And the spoils flow to shareholders. In Goldman's bubblicious glory years, it produced returns on equity of around 30%; in the last five years, Accenture has averaged returns on equity above 60%. That's with significantly more cash than debt the whole time.

I love businesses like Accenture: best-in-class companies that require very little capital, employ very little leverage, and deliver strong returns to shareholders. My colleagues at our Inside Value newsletter agree. They recommended Accenture to their members all the way back in 2005. It's beaten a flat market by more than 70% since then (and topped Goldman by more than 30%).

If you'd like to see the Inside Value team's entire write-up on Accenture, and all their other  recommendations, take a 30-day free trial. Click here to start.

Anand Chokkavelu knows Accenture firsthand, since he worked there before joining the Fool. He wouldn't have minded a six-figure bonus at the time. He owns shares of Accenture, Disney, Citigroup, and Microsoft. Accenture, Disney, and Microsoft are all Motley Fool Inside Valueselections. Disney is a Motley Fool Stock Advisor pick. Motley Fool Options has recommended a diagonal call position on Microsoft. The Motley Fool has a disclosure policy.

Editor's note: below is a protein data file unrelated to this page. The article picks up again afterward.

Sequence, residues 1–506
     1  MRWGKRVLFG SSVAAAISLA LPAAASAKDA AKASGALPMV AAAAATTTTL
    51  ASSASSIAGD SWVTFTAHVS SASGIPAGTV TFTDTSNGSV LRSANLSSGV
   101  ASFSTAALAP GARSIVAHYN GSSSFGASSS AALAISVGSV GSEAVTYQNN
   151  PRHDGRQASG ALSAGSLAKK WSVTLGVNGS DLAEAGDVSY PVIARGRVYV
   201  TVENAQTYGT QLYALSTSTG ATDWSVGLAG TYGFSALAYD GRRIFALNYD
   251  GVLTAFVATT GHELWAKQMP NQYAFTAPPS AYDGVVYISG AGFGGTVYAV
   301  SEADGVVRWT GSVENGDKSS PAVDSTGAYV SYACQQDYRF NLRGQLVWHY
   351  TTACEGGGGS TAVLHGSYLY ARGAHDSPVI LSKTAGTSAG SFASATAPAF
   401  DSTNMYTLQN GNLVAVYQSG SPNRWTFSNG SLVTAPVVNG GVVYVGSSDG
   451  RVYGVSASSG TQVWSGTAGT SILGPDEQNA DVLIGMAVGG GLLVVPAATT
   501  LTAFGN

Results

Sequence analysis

Read/Post Comments (21) | Recommend This Article (71)

Comments from our Foolish Readers

Help us keep this a respectfully Foolish area! This is a place for our readers to discuss, debate, and learn more about the Foolish investing topic you read about above. Help us keep it clean and safe. If you believe a comment is abusive or otherwise violates our Fool's Rules, please report it via the Report this Comment Report this Comment icon found on every comment.

  • Report this Comment On May 20, 2010, at 5:37 PM, dargus wrote:

    I think young programmers prefer Google to stodgy, old Microsoft.

  • Report this Comment On May 20, 2010, at 6:14 PM, plange01 wrote:

    goldman will be forced to close and the people behing this disgrace will be sent to jail

  • Report this Comment On May 20, 2010, at 6:36 PM, OPTIONNUT wrote:

    Was not ACN the old Goldman type firm of past that had a bunch of crooked Accountants that had to reorganize under a new name? Maybe GS can clean up its act and come back as Goodmen Succeed!